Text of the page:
Another area worth revisiting is Rosenshine’s Principles of Instruction. Here we see the idea that we should be reteaching that which has not been retrieved accurately. However, if the reason that the retrieval was unsuccessful was that there was weak memory formation then this reteaching could be simply relaying down foundational knowledge rather than creating the priming process for expression of the arc gene needed for a stronger future remembering. With the idea that memories can get better at responding to threats (retrievals) by being warmly reactivated first and then exposed to the threat, simply retrieving at the start is not the right idea. Indeed, one of Rosenshine’s key principles ‘…the review at the start of the lesson…’ (Rosenshine, 1982, p.8), is very nearly there. It’s just been conflated with contemporary ideas of retrieval and sometimes reduced to cold quizzes at the start of a lesson – further more, not enough attention has been paid to whether it is a second revisiting and how much time has lapsed between the initial encounter with the learning and the second revisiting.

It’s important to think about how we could further support children with learning difficulties through priming. By offering CPD to support teaching assistants in the theory of priming they could better understand just how important theories such as Porges’ work on the Automatic Nervous System (ANS). In his modelling, some learners who have had adverse childhood experiences (which could well include negative school experiences due to early issues with learning needs) have amplified ANS responses. In other words, when faced with ‘cold’ unprimed ‘threats’ (cold questioning, cold retrieval, examinations, etc.) some children respond with ANS driven fight or flight responses. By introducing warm reactivation ahead of such situations, support assistants could modify the ANS response, reduce behaviour-led responses and increase successful retrieval and construction of new knowledge or skills. Those with SEND can also have higher absence rates or simply have insufficient adaption in a lesson – this could affect the priming process: the initial event, the period of reformulation and then the expression of the arc gene are all susceptible to absences or issues with access to learning (barriers to learning).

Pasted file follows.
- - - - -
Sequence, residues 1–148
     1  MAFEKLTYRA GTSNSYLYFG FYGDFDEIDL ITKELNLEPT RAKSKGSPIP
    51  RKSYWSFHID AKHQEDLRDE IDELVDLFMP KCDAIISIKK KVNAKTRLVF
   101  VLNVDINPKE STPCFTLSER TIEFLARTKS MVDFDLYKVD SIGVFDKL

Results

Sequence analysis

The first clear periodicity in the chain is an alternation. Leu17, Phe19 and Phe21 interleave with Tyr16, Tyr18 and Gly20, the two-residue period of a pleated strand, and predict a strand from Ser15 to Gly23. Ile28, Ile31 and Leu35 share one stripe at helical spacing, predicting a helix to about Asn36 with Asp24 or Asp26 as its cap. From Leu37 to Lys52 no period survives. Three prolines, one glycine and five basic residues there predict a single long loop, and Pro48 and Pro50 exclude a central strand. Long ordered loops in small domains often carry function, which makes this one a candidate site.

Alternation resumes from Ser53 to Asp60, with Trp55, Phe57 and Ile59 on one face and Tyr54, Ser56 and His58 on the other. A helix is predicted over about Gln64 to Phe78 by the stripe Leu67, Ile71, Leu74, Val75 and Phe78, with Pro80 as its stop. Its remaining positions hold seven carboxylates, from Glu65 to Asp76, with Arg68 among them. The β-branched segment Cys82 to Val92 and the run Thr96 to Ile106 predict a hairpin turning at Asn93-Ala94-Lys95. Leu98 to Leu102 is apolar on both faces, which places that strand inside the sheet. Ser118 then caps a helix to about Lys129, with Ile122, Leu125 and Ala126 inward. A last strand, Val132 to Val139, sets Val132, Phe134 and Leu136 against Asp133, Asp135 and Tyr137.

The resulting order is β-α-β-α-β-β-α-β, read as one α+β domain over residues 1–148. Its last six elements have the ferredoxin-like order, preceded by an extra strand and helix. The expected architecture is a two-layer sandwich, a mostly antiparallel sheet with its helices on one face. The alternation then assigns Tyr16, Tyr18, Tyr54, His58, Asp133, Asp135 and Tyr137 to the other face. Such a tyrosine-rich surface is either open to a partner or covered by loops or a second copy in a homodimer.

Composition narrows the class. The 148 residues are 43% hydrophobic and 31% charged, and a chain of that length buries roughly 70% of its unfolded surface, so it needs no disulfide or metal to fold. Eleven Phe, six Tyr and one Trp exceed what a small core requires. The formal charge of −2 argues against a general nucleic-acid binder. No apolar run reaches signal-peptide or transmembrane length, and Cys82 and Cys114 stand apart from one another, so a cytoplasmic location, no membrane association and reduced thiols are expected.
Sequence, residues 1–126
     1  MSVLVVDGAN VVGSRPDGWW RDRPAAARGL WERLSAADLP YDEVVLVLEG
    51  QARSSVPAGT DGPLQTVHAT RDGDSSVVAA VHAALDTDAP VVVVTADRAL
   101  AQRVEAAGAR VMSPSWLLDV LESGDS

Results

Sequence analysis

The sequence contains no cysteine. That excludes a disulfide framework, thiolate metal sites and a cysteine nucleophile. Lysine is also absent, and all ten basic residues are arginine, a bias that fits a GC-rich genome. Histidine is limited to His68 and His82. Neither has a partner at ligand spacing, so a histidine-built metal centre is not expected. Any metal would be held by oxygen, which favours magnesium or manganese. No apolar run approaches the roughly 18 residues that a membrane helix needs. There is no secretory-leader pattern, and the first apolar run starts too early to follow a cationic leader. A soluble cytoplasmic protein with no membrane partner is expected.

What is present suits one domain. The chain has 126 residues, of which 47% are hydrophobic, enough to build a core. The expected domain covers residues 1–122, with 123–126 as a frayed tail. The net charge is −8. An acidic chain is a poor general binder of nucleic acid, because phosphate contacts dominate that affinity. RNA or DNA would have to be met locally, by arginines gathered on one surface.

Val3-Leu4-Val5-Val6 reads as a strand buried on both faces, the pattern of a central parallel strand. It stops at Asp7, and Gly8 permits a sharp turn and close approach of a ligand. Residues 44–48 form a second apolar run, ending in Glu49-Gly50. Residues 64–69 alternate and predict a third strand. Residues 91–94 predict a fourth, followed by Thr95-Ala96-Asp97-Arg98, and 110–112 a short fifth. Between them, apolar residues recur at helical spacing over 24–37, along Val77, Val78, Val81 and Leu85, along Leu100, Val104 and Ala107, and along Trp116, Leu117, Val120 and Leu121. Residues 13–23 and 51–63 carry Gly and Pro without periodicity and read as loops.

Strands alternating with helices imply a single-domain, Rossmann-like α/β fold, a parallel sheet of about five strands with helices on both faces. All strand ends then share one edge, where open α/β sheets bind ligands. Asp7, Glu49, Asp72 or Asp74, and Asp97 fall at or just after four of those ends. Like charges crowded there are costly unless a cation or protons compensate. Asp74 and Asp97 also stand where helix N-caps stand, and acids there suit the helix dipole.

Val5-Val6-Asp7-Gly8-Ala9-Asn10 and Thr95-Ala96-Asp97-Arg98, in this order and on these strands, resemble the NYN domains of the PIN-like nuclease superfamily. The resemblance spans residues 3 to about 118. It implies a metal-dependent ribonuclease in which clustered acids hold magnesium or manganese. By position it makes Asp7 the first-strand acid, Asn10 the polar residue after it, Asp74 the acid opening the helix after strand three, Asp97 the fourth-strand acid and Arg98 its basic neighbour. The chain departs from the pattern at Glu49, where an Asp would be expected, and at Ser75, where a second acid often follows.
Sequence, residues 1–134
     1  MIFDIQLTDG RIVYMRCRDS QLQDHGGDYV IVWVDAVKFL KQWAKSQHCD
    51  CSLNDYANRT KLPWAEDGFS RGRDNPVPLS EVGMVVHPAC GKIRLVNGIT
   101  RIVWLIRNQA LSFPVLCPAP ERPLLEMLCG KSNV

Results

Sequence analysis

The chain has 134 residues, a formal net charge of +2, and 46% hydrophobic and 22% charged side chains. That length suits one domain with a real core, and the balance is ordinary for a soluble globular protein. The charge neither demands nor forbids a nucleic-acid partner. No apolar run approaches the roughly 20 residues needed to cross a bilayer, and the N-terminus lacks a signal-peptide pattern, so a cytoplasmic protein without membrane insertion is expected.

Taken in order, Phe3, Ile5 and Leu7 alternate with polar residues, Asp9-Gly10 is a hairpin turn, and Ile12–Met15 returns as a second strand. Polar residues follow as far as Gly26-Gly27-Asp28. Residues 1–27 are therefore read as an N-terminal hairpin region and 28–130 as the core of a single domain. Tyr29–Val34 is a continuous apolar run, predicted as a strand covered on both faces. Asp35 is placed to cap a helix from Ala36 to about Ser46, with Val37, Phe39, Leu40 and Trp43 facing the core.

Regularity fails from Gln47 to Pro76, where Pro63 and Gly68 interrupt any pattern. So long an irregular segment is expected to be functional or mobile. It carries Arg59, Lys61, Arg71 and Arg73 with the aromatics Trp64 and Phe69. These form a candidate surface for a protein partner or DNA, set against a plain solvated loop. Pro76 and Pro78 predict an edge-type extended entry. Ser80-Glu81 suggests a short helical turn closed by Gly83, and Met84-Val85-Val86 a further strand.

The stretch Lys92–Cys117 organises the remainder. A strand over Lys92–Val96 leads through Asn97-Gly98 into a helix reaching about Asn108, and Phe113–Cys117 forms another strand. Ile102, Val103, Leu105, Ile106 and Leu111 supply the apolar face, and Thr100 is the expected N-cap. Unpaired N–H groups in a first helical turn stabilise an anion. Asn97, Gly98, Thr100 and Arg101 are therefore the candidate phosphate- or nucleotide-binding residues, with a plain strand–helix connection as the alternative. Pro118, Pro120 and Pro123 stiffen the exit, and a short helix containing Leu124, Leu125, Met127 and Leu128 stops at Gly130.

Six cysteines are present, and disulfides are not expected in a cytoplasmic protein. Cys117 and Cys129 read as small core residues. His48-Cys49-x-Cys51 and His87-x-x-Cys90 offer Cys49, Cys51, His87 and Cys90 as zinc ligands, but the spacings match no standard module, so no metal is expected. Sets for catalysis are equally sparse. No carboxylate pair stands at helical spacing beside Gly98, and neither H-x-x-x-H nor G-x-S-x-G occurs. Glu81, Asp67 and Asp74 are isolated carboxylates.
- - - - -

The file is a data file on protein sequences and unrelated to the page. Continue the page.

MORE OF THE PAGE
I’m sure we could go on, but it is worth thinking about how enshrined our ideas about memory are into the way we train teachers, leaders, inspect schools and so forth. The new ideas from neuroscience both complements some of these ideas and challenges them, but also refines the language as well as lends criticality to the way we understand the processes. However, it does need a jolt of reality. Much of this is theorising and it is important always to be critical of everything we meet in education – every idea in education, after all, has limitations.

We are launching a two phase project to investigate the concept of priming and enhancing the formation of memory using these ideas. If you are interested in being part of the research, as either a teacher or a school, and would like to be put on the contacts list for the launch of this or any other research projects then drop me an email at or you can find me on Twitter at @englishspecial.

Dr James Shea, Senior Lecturer in Teacher Education

Copyright © 2021. James Shea. All rights reserved

One thought on “Cognitive Science v Neuroscience: ‘priming’ – could it change how we teach?